In relation to the Social Care Support Fund we hope that Scottish Government will shortly issue clearer communication on this so that providers again can be encouraged to apply. Some readers may have noted that the Cabinet Secretary in an appearance before the Covid Committee at the Scottish Parliament this week stated that providers were not coming forward for ‘free monies’. This is, of course showing that she completely misses the point – providers have no or little assurance that monies will be speedily turned around – it is not that we have not engaged it is that we have no trust in the system which has so brilliantly failed us to date.

We have also heard this week that disappointingly there are difficulties in relation to the Death in Service Fund which affects some of our members. We gather that HMRC have indicated that they wish to tax the sum of £60,000 given to next of kin. We understand that Scottish Government are dialoguing with them as a matter of urgency and it is our hope that this can be settled as quickly as possible.

Care Home issues

COVID19 deaths in care homes remain low at 2 to the week ending 26th July (down from 3 in the previous week).

Many of you will have seen the two documentaries which aired this week, the first focussing on Scotland – BBC Disclosures on Tuesday and the second on the UK with Panorama on Thursday evening. In many senses these documentaries presented many of the arguments which the sector has been presenting over the last few months. The failure of real political response to them – at least in substance – other than arguing  the ‘hindsight’ argument and ‘mistakes will have been made’ stance is disappointing. It underlines the importance of a coherent and consistent response from Scottish Care when the public and national Inquiries commence.

We issued two statements this week in response both to the Cabinet Secretary’s comments on the Social Care Fund and her argument that there was no ‘pressure’ to accept hospital discharges. Anyone listening into our webinars in March or reading what we were saying on Boards could not come to the latter conclusion. Please see https://scottishcare.org/scottish-care-comments-on-pressure-on-care-homes-to-accept-hospital-patients/ and https://scottishcare.org/scottish-care-response-to-social-care-support-fund/ for these statements.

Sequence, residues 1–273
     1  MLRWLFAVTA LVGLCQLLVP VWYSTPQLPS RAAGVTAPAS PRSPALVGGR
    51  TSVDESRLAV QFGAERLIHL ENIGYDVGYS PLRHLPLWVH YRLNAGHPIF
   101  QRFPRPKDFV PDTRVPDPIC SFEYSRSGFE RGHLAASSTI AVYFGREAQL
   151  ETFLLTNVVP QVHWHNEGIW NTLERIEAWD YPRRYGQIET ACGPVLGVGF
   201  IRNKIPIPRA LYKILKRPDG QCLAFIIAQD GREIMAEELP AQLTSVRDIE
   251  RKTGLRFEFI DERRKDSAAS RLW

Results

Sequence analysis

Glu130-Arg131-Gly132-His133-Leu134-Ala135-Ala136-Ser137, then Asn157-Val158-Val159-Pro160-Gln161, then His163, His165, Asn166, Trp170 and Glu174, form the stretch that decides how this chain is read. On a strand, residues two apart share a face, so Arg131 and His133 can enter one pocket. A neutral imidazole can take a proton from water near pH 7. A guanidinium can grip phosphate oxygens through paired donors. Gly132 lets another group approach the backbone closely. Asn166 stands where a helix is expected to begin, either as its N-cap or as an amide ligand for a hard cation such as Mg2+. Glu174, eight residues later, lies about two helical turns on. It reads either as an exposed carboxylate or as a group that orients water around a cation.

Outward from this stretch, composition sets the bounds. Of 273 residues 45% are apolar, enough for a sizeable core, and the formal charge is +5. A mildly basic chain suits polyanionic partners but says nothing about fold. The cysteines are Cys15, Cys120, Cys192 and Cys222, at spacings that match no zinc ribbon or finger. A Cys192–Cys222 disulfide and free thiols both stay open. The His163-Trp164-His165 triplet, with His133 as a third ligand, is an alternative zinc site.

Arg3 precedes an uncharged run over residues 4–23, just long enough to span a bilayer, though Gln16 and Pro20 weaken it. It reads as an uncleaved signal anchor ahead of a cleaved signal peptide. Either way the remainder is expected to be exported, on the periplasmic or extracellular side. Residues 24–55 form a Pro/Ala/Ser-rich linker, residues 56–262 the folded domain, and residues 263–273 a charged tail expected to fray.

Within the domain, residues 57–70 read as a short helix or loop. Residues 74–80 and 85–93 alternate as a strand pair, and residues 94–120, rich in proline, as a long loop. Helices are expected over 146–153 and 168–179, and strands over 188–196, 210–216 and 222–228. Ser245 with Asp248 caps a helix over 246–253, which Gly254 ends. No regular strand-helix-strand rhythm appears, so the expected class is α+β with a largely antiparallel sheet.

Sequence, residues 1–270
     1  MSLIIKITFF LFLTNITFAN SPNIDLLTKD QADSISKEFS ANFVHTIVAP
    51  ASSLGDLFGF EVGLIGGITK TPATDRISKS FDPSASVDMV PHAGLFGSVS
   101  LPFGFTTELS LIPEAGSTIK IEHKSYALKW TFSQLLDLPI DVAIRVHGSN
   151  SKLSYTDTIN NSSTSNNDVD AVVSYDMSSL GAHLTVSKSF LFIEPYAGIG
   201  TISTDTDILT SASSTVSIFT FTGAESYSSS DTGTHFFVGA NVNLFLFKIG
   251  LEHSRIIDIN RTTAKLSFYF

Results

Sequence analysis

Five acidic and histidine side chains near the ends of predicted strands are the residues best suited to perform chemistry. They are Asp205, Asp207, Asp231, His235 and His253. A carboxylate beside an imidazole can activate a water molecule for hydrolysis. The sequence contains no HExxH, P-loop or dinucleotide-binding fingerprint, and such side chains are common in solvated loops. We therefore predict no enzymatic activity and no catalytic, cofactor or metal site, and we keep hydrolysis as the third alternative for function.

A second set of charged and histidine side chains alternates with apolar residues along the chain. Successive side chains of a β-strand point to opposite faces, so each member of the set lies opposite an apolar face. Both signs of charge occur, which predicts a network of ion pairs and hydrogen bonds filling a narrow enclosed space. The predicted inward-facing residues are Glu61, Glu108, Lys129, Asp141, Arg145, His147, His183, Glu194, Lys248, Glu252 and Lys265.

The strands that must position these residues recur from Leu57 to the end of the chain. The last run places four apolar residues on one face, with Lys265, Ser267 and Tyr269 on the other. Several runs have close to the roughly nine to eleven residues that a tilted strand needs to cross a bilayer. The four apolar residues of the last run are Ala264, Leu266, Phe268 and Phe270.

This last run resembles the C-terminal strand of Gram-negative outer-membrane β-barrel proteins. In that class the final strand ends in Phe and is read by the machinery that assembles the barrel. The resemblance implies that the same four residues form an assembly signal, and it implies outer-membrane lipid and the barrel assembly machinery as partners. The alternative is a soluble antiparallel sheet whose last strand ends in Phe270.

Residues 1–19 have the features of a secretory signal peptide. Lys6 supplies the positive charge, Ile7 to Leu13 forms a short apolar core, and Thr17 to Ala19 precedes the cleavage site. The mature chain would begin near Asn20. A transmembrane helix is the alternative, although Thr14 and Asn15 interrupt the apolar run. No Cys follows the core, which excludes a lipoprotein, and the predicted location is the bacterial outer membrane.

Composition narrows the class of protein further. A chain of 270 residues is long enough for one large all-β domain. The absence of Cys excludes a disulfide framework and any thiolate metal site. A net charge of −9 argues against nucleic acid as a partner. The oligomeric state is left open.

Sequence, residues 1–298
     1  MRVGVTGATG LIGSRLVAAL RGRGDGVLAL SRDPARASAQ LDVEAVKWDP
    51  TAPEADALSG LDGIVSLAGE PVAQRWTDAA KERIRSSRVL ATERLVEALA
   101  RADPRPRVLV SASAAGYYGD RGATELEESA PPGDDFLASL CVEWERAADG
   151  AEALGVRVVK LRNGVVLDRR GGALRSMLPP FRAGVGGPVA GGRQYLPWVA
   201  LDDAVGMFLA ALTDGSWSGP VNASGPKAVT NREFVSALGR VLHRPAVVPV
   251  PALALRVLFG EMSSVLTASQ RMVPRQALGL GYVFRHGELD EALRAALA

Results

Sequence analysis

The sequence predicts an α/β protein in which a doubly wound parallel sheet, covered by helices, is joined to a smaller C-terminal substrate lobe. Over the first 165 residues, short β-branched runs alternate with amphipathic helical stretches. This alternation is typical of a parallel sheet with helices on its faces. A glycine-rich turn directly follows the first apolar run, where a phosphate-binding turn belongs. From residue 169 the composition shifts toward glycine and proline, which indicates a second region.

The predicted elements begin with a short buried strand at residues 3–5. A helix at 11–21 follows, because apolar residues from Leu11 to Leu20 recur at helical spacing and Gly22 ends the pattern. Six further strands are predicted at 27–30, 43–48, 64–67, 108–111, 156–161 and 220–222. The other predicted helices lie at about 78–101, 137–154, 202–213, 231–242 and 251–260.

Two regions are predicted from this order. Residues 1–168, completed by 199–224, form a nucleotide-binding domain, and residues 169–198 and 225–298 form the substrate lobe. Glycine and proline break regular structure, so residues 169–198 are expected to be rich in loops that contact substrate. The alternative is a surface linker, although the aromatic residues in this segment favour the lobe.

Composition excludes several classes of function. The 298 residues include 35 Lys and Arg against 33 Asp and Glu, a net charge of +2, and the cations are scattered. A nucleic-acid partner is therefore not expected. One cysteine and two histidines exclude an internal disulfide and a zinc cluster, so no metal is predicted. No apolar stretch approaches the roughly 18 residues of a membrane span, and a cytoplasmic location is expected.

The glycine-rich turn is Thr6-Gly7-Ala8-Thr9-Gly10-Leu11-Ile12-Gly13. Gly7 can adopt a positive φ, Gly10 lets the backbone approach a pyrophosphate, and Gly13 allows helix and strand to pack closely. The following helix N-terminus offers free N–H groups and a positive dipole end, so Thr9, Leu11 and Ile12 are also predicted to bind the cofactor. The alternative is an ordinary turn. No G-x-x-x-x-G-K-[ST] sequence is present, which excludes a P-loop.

Data related to the care home sector continues to inform and influence the work of the Care Home Rapid Action Group.  Included in this is the analysis that the number of deaths by the 26th July 2020 was 7.2% lower compared to the 5-year average for the same point, the fifth week running deaths are lower than the 5 year average. Weeks 11 – 29, excess deaths in care homes are 51% over the 5-year average in Scotland, compared to 66% in England & Wales. Of these excess deaths, 83% were Covid-19 related in Scotland, while in England & Wales the figure was 58%.This is one of the reasons why the media seems to think that the sector in Scotland has performed less well than that in England and Wales. The number of staff absent due to Covid-19 is 4% with shielding continuing to be the most common reason and with a slight decrease in staff isolating due to instructions from contact tracing.

As noted last week we have also raised directly concerns which members have been expressing about the status of residents who wanted to go out of the care home and visits family, friends or simply to do some shopping. The Care Home Clinical and Professional Group considered a new Guidance on this at its meeting on Thursday. I hope this will be published at the same time as the other Guidance. However, it looks almost certain that this will not be allowed until Stage 4 – I really do question whether this accords with legality. It is almost like the enforced confinement of an individual and raising significant human rights issues.